The two new comprehension strategies we are learning this week are: readers learn more by chatting about what is happening & readers reread to make sure they understand their books. Chatting about what is happening will help students bring the information on the page to life. Students should use images on the page or in their heads to imagine what is happening just before and right after the part they're reading. This inferential thinking will help students envision the information and learn more from the text. Remind students that when readers finish a book, they should try to remember the whole book, not just the individual parts. Students reread to put the parts of their books together! Students retell well when they: name the topic, give two examples from the book, and say why or how the information is important. 
 
 
Writing - Nonfiction Chapter Books: Writing Teaching Books with Independence
 
We are beginning a new unit for writing this week that will prepare children to write information texts. This unit takes children on a writing journey that builds in sophistication. It begins with the instruction in how to make a basic type of information book -- a picture book -- and ends with children creating multiple information chapter books, filled with elaboration, interesting text elements, and pictures that supplement the teaching of the words. 
 
Our sessions this week are: Writers Get Ready to Write by Teaching All About a Topic & Writers Tell Information across Their Fingers, Sketch, then Write. You can help your student prepare for these sessions by reminding them that they are experts who have many lessons to share. Read nonfiction, information texts to your students to expose them to this type of writing.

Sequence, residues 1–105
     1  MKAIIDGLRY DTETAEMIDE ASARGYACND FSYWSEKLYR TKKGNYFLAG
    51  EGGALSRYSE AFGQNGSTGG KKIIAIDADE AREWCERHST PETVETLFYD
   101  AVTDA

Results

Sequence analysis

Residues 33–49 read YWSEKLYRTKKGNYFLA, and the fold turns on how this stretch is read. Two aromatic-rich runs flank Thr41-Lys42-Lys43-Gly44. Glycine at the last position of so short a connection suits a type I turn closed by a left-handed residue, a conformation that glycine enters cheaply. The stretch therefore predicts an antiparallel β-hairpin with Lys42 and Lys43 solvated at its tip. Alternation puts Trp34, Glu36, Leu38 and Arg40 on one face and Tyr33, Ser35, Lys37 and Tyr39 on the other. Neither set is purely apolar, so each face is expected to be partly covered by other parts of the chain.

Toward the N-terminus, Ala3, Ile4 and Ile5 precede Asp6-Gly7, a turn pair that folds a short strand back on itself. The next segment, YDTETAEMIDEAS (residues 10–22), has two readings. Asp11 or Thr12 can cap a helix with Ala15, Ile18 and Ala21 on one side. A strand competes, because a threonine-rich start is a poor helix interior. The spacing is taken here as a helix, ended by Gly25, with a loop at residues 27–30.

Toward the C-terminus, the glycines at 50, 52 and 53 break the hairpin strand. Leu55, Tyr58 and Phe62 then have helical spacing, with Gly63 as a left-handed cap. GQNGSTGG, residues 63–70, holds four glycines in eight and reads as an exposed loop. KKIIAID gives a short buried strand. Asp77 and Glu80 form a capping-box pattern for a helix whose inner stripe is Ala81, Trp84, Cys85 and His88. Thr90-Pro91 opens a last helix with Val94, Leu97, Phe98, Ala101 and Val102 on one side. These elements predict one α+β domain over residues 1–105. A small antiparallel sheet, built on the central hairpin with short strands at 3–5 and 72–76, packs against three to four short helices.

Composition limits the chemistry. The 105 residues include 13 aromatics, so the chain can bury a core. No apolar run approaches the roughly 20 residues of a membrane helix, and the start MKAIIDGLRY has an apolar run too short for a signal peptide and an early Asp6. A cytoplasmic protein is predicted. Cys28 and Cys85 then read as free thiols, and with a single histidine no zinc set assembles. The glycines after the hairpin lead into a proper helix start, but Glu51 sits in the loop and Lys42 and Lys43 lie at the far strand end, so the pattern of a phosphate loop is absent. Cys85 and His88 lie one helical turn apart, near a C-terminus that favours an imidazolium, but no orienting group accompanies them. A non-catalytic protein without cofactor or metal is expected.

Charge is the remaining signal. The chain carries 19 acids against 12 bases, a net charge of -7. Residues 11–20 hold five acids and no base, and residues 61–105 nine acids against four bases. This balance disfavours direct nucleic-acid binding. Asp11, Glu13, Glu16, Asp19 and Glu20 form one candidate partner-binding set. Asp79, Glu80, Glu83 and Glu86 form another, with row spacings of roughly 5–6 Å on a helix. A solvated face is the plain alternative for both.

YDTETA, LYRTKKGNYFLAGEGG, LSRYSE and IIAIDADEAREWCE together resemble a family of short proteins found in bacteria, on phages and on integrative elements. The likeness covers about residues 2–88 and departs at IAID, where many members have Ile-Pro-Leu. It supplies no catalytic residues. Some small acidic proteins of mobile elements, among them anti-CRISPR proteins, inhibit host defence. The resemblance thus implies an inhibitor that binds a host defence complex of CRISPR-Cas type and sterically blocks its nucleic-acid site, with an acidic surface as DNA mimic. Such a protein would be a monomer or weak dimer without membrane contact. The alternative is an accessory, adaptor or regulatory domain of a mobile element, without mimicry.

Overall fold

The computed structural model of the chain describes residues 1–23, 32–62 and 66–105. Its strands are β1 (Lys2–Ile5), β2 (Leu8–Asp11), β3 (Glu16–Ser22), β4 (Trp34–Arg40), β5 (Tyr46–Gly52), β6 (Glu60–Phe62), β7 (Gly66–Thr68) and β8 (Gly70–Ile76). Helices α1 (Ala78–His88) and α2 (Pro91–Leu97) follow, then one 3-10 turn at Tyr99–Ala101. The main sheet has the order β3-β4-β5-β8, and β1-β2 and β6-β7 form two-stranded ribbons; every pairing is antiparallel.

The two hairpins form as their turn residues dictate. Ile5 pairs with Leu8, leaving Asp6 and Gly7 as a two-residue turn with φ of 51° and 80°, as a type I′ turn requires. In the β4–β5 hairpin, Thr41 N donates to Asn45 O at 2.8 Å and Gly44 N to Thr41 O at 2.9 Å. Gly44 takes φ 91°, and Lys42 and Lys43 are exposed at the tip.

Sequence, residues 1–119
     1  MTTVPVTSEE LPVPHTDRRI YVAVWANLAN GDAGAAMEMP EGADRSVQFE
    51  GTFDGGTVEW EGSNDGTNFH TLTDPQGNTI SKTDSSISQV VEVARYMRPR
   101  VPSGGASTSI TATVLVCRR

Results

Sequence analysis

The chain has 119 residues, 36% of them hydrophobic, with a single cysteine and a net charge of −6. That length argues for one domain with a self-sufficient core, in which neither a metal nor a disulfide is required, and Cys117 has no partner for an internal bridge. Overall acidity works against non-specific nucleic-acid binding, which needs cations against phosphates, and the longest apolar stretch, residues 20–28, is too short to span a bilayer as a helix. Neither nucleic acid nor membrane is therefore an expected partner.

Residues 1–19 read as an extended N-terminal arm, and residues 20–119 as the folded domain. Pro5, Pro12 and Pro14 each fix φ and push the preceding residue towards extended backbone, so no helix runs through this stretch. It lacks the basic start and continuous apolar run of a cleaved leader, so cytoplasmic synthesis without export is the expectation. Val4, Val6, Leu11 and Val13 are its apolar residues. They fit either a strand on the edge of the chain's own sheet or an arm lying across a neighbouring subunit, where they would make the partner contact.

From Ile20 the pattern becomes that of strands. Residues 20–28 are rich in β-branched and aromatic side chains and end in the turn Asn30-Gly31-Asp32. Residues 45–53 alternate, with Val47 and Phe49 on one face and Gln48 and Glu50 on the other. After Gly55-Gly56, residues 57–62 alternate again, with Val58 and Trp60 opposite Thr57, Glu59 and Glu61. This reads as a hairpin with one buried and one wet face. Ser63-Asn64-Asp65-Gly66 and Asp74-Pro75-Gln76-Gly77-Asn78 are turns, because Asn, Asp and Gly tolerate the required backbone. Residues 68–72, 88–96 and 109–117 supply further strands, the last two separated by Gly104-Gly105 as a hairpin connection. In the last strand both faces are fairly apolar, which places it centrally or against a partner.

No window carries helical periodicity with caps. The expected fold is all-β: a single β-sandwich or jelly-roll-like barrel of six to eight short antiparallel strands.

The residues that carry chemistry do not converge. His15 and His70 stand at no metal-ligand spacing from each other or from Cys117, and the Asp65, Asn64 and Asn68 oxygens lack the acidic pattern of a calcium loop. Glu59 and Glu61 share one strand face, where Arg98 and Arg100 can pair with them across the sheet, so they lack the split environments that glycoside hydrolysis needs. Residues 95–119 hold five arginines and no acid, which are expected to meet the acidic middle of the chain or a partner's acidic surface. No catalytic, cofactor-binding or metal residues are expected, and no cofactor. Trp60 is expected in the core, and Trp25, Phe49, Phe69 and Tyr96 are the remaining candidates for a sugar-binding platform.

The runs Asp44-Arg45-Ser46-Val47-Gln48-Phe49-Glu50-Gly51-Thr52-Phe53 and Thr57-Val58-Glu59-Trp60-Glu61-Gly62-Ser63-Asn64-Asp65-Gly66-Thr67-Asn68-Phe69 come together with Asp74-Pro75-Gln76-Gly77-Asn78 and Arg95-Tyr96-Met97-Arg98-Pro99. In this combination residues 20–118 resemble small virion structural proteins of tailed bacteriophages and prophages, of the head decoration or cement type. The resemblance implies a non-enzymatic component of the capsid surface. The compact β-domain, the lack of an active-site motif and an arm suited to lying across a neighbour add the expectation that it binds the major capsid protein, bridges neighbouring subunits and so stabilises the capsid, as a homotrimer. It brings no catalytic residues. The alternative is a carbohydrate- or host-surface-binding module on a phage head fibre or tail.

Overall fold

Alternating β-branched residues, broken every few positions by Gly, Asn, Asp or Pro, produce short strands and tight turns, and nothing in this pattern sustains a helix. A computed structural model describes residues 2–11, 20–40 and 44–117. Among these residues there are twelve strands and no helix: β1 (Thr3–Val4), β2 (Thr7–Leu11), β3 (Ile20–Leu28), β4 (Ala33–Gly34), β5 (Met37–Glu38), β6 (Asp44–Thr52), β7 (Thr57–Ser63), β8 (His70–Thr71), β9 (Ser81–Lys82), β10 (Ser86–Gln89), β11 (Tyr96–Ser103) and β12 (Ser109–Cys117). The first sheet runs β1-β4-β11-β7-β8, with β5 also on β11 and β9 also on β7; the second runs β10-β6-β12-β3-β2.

Please always make sure to practice writing in complete sentences. This includes: capital letters at the beginning of sentences, spaces in between each word, correct punctuation at the end, and trying your very best to sound out tricky words!
 
Math - Place Value: Expanded Form
Expanded form is a spread out way to write a number by showing the value of each individual digit forming the number. 
 
Examples:
56 = 50 + 6
121 = 100 + 20 + 1
 
Fun practice at home: give students a two-digit or three-digit number up to 120, allow student to compose the number by drawing rods and units (tens and ones), then students can tell you the value of each digit by writing the number in expanded form. 
 
Social Studies - Landforms and Bodies of Water
 
Students must identify and describe landforms (mountain, valley, hill, plain, etc) and bodies of water (ocean, lake, river). To reach mastery of this skill students need to be able to identify and describe defining characteristics of landforms and bodies of water. Show students illustrations and actual photographs of these different landforms and bodies of water. Talk about what makes each one different than the other!